Bitner also excelled at art. He was very talented, Simpson said.

And he had his future mapped out long before many of his peers were even thinking about what to do with their lives.

When he began ninth grade, he already figured out what his senior project would be: a concert at the school.

"His life was music," Simpson said.

How to help

A benefit concert for the Brandon E. Bitner Memorial Scholarship will be presented at 8 p.m. March 30 and 31 and 4 p.m. April 1 in Stretansky Concert Hall at Susquehanna University. Johann Strauss's comic masterpiece, "Die Fledermaus," will be performed. The proceeds will be donated to the scholarship, established in 2010 in remembrance of Bitner, who played in what was formerly the university preparatory program's youth orchestra. Tickets are $15 for adults and $5 for non-SU students.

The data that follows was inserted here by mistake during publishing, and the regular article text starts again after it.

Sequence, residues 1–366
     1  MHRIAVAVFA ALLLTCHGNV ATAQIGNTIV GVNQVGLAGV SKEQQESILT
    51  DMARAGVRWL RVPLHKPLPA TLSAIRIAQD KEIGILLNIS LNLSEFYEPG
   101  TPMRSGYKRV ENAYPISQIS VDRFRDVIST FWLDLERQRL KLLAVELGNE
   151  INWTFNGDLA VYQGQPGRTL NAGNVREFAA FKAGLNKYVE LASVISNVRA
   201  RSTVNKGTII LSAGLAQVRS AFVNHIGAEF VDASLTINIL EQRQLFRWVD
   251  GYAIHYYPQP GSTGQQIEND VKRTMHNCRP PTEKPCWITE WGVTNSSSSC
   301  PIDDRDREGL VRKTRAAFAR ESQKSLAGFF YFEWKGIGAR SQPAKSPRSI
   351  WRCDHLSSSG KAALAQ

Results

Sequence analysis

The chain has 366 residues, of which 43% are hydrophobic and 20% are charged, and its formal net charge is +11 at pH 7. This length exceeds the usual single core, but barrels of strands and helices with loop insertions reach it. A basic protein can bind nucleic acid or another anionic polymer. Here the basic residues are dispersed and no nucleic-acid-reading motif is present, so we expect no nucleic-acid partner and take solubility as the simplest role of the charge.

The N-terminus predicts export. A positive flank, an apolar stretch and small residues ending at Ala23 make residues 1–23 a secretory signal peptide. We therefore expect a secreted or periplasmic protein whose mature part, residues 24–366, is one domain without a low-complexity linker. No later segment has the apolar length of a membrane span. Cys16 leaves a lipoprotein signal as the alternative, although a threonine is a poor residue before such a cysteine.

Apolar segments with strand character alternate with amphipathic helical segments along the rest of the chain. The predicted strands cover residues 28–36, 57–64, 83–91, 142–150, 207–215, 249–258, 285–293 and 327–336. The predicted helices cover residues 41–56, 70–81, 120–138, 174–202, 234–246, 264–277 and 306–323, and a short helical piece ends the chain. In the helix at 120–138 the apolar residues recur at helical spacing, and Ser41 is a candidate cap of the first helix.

Earlier in the year, a Susquehanna University senior received $1,500 from the scholarship fund.

The scholarship is for an SU student involved in music, who gets good grades and is underprivileged.

Another bingo is being planned for March.

An all-you-can-eat pancake breakfast will be held from 8 to 10 a.m. Nov. 6 in Applebee's, Hummels Wharf. Tickets are $6 for adults and $4 for children under 12 and may be purchased by emailing

Continuing Saturday and Sunday, 10 percent of the cost of every tattoo and retail sale at Enchanted Images Custom Tattoo, Middleburg, will be donated to the scholarship fund.

A painting by local artist Amanda Auman is being raffled off at Enchanted Images as well. Tickets are $3 each or two for $5. The winner will be drawn at 10 p.m. Sunday.

For more ways to donate, visit